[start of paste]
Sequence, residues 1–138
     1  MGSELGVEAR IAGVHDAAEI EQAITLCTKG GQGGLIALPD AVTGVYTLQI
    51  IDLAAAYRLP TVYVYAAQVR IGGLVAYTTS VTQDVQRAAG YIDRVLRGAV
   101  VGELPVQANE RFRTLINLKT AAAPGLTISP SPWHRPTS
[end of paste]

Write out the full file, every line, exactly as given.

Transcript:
Sequence, residues 1–138
     1  MGSELGVEAR IAGVHDAAEI EQAITLCTKG GQGGLIALPD AVTGVYTLQI
    51  IDLAAAYRLP TVYVYAAQVR IGGLVAYTTS VTQDVQRAAG YIDRVLRGAV
   101  VGELPVQANE RFRTLINLKT AAAPGLTISP SPWHRPTS